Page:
You've probably heard or seen lots of advertisements recently for "reputation management" companies who claim to monitor your online reputation and take care of unwanted or negative content about you on the internet. But you may want to think twice about using one of these companies. Or, at the very least, don't stick your head in the sand - make sure you know what *specifically* they will be doing to 'monitor' and 'control' your online reputation. (A bit more on that in a moment)
I got a spam blog post comment this week (and one last week from the same person) that appears to have been generated by one of these "reputation management" companies with a url back to the attorney whose online reputation they are trying to 'manage.'
I can't help but wonder whether their tactics are backfiring somewhat because the spam comment led me to start looking into this attorney. This might seem like a good thing - after all, the point of leaving the comment with the attorney's url was to generate positive traffic for the attorney, right? Well, perhaps not.
Google is absolutely FILLED with entries "by" and "about" this lawyer, but there's not much of value there. It has all been created in the past several months, and all it did was lead me to be curious about what it was that they were trying to drown out - especially once I realized that it was a 'reputation management' company that was doing it (which I found out by looking at who created the sites and who she was linked to in different social sites, among other things).
So while there are plenty of entries about this attorney on Google, none of them contain any real positive commentary or genuine information, and all of the links lead to what I consider to be hollow content.
Not only that, but I wasn't the only one who started digging deeper on this attorney as a result of these tactics. A "comment" (really just a promotional blurb about how great she is) that was placed on another law-related forum caused another forum member to do the same thing I did - check her out on Google, observe the spammy behavior and delve deeper to find out what she was trying to hide.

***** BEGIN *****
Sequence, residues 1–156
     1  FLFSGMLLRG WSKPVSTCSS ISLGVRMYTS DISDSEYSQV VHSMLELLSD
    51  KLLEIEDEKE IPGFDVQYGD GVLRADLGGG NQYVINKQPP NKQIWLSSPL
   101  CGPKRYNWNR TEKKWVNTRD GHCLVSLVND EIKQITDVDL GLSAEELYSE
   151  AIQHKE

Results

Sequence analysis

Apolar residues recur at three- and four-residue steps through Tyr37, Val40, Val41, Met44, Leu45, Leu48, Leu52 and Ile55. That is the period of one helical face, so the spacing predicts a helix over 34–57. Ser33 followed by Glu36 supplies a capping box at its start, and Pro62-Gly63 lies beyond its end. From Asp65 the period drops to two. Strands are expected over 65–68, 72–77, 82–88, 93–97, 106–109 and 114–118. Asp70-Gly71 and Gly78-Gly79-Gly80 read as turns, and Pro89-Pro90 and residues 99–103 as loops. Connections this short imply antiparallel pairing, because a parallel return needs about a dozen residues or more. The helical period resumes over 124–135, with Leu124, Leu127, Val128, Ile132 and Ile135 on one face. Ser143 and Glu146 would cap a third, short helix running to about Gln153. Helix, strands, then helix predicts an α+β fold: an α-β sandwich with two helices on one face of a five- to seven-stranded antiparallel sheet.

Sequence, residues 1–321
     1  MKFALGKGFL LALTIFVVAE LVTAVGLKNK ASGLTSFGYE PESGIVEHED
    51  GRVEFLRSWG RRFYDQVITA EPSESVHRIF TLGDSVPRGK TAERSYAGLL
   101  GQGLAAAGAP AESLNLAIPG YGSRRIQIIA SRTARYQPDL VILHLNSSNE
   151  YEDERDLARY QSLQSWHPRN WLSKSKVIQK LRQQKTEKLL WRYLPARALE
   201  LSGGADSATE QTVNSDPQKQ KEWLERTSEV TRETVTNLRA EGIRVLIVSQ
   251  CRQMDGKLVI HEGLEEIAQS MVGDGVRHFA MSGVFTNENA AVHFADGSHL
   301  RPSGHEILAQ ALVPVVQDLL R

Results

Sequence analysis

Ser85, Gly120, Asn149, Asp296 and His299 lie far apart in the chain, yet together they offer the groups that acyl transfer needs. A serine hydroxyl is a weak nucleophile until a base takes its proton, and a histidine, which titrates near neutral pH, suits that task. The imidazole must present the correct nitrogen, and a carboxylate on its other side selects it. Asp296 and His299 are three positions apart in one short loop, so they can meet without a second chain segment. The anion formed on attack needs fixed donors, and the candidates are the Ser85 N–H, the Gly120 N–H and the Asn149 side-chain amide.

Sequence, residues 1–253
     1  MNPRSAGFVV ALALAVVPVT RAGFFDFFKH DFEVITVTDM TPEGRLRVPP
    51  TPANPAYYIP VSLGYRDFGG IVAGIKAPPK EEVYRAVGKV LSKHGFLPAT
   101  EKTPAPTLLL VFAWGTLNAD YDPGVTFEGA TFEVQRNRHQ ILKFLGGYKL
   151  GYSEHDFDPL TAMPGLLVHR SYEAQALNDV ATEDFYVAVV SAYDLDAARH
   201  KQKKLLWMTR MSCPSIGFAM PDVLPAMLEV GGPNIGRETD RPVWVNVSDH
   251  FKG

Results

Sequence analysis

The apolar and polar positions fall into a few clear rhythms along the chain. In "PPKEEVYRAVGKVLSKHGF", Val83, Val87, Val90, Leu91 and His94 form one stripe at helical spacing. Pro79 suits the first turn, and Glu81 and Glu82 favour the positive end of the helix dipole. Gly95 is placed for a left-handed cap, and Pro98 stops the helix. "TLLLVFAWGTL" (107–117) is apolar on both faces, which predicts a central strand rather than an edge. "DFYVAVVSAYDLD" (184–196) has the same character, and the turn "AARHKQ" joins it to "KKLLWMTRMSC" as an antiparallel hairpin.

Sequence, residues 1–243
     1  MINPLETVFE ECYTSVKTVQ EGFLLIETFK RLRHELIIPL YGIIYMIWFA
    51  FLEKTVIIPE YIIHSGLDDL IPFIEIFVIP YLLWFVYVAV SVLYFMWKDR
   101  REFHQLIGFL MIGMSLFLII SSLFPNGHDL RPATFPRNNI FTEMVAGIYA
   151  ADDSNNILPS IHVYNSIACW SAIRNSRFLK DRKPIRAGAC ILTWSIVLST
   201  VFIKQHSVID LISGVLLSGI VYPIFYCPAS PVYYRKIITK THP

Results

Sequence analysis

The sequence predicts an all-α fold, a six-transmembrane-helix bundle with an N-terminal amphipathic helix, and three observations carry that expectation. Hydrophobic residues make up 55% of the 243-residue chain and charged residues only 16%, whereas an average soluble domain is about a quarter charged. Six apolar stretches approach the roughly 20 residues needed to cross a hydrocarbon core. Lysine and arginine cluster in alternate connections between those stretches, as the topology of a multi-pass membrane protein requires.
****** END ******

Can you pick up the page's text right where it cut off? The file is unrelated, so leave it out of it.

Here's why this lawyer needed "reputation management": She was apparently arrested at the end of last year for leaving her two young kids home alone while she was intoxicated at a bar. The kicker? She's a former prosecutor who is now practicing -- wait for it -- criminal law and family law!
Is this how you really want their reputations 'managed'? Wouldn't it be better to create high quality positive content or ask actual satisfied clients and colleagues to vouch for you, rather than littering the internet with 'spammy,' hollow content that creates a question in others' minds about you? Isn't that really the opposite of what this company is supposed to be accomplishing for this lawyer?
These tactics are similar to the "black hat" SEO (search engine optimization) tactics used by some SEO companies on behalf of law firms to help improve their website traffic. As I've written before, these kinds of tactics often backfire (as I think they have in this case).
Recently I did a post about lawyers marketing on the internet and some of their fears, including a fear of losing control of their online reputation by joining social media and the online internet marketing outfits, as well as addressing questions about how to deal with negative comments or content about you or your firm on the internet.
You can also read more about the ethics of lawyers using social media for marketing and how lawyers can ensure that they are not invisible online.
You might also want to read Debra Bruce's excellent post on the topic. As Debra says,
If you don’t play, you won’t know what they say. It’s a good idea to check for your name and rating from time to time on various sites such as www.AVVO.com, www.LawyerRatingz.com ,www.mojopages.com, and www.yelp.com.
It's also generally a good ideal to simply type your name and your firm's name into various search engines such as Google, Bing and Yahoo to see what comes up.
Generally, "drowning out" negative content with positive content is a good strategy - as long as the positive content is genuine and valuable.